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Pragmatic Version Control Using Subversion

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Wed, 30 Mar 2005

This is an archived blog post. I've switched to using WordPress as my blogging software and have not migrated all my old posts. I believe strongly in not letting an old link die, so this page continues to work. Please do visit mikemason.ca/blog to read newer posts.

Shelving Subversion

My colleague Clinton Begin asked me whether Subversion supports shelving. This is something that the new Visual Studio may have as part of its “Team” features, and is basically a way for a developer to put aside a set of changes come back to them later. Storing shelved changes in your version control tool is pretty sensible—your repository is reliable, backed up, and not liable to disappear if someone pinches your laptop.

So can you do this kind of thing with Subversion? You betcha. Here’s roughly how it would work:

  • Whilst working on adding the new “frobscottle” feature Alice decides she’d like to shelve her current working copy changes. Her project, codenamed “xyzzy,” is checked out from svn://svn.acme.com/xyzzy/trunk.

  • Needing somewhere to store her changes, Alice branches the trunk to create svn://svn.acme.com/xyzzy/shelves/alice/frobscottle.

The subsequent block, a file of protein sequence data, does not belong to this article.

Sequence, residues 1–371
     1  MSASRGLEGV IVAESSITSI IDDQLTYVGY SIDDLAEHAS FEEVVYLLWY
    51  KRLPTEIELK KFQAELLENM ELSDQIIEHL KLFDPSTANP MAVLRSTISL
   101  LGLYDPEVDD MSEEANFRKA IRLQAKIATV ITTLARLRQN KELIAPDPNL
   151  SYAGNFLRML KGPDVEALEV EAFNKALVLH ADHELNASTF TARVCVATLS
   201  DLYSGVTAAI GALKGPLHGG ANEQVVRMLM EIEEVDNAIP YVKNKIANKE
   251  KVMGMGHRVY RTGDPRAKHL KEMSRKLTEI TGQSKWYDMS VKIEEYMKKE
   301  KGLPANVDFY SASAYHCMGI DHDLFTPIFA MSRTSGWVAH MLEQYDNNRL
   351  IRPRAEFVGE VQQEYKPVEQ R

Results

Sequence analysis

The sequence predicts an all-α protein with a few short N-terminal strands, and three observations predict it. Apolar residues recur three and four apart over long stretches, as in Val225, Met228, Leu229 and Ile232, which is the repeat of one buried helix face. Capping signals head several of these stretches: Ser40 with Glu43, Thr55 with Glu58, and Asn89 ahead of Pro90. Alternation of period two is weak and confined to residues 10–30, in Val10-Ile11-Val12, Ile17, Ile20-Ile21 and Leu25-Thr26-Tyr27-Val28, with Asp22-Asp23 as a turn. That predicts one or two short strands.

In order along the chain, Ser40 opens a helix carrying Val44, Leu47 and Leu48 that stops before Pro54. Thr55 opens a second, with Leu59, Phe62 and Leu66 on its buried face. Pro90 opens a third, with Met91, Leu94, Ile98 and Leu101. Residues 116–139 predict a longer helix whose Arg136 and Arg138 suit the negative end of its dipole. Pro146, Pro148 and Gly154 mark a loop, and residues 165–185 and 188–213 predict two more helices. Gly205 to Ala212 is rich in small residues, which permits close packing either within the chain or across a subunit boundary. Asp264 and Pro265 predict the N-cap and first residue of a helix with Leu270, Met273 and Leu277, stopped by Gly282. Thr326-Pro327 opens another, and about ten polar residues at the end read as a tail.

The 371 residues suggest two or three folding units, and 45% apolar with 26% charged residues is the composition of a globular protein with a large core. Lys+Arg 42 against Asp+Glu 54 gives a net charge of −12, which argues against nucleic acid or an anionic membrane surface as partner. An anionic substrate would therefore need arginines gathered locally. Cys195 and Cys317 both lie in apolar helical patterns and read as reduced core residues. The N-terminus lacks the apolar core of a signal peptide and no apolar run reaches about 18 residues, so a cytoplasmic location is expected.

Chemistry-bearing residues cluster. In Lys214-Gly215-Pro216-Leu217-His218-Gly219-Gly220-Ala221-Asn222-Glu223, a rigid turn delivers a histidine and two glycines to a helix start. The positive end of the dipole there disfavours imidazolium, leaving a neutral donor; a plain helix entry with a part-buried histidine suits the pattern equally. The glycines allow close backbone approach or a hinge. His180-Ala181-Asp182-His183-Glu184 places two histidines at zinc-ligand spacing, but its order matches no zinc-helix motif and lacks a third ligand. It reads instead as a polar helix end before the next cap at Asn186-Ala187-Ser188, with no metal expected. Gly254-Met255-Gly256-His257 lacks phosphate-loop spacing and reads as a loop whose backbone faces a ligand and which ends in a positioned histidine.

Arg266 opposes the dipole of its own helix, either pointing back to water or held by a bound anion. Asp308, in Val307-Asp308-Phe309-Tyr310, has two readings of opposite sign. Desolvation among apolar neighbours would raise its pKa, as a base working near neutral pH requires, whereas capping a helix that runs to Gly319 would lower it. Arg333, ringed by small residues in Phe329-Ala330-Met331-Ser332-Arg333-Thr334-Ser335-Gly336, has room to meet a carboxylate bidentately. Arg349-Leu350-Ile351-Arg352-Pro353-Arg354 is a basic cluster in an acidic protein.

• Alice uses the Subversion switch command to switch her working copy from the trunk to the new frobscottle branch. When switching, Subversion preserves any changes you’ve made to the working copy.

  • Alice checks in her working copy. The changes will be safely stored under the shelves directory.

  • Alice switches her working copy back to the trunk and works on something else. In future if she wants the shelved frobscottle changes she can merge from the branch to her trunk working copy, then commit the changes back into the main code line.

There are a few details you’ll need to get right—you may need to create the new branch from an older revision on the trunk rather than from the head—and it’s less pretty than a “shelve” button in a GUI, but it’ll work great and you’ll understand exactly where your changes actually are.

Posted 22:24, 30 Mar 2005.  

Fri, 04 Mar 2005